The Appellate Division recently examined two different scenarios in which a worker was injured while performing tasks that were not part of their job duties and came up with two different results.
In the first case, a worker was required to forward her work calls to her cell phone while she was out of the office. She was involved in an automobile accident while she was taking a break to buy a soda. Because she was required to have her calls forwarded, she reasoned that she could apply the “continuous employment doctrine.” The Appellate Division found that despite the forwarding of the calls, the trip was more than a mere “slight deviation” from employment and therefore the claimant was not injured in the course and scope of her employment.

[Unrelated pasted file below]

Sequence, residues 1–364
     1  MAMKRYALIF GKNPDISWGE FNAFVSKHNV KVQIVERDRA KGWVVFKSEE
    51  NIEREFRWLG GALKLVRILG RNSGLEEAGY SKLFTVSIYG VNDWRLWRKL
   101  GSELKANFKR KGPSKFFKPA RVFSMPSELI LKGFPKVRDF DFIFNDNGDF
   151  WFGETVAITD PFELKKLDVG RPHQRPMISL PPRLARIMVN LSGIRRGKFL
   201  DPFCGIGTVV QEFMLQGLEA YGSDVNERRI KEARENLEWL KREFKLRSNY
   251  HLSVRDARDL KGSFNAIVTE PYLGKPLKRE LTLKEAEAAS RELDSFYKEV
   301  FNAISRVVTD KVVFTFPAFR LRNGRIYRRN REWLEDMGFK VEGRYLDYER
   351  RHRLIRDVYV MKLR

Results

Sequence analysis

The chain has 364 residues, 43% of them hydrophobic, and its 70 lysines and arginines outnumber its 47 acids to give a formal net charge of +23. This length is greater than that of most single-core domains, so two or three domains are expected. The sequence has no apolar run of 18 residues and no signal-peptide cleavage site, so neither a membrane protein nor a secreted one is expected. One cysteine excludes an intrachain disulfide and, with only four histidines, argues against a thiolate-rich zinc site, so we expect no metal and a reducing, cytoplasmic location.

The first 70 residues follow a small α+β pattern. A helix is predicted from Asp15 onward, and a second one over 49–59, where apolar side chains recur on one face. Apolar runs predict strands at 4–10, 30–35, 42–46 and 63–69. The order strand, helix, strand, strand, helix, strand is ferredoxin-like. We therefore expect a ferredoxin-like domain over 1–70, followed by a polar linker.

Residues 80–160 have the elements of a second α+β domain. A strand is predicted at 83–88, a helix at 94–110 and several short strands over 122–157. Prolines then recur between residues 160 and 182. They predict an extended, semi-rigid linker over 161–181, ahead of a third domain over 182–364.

In the second case, the employee was injured when she returned to a break room to retrieve cigarettes she had left behind. The Appellate Division found this to be a compensable injury because the employee was only making a slight deviation from her employment duties. They wrote that for an incident to constitute a break in employment, it must be of a pronounced character. This trip, they reasoned was merely a brief interval.
It seems that freedom of action was an important factor in both cases. In the first, the employee was free to leave the employer’s premises to get a soda. In the second, the employee was required to stay on the premises for her break.